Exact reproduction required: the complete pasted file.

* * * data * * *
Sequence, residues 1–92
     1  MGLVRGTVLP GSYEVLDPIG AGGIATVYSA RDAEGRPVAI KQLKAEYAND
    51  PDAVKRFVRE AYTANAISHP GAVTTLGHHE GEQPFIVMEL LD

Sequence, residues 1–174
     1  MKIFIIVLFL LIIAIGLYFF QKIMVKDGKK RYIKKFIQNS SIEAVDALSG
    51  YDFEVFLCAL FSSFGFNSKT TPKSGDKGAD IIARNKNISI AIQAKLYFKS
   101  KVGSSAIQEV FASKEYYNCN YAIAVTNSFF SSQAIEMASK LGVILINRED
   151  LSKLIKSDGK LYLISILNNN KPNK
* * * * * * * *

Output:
Sequence, residues 1–92
     1  MGLVRGTVLP GSYEVLDPIG AGGIATVYSA RDAEGRPVAI KQLKAEYAND
    51  PDAVKRFVRE AYTANAISHP GAVTTLGHHE GEQPFIVMEL LD

Sequence, residues 1–174
     1  MKIFIIVLFL LIIAIGLYFF QKIMVKDGKK RYIKKFIQNS SIEAVDALSG
    51  YDFEVFLCAL FSSFGFNSKT TPKSGDKGAD IIARNKNISI AIQAKLYFKS
   101  KVGSSAIQEV FASKEYYNCN YAIAVTNSFF SSQAIEMASK LGVILINRED
   151  LSKLIKSDGK LYLISILNNN KPNK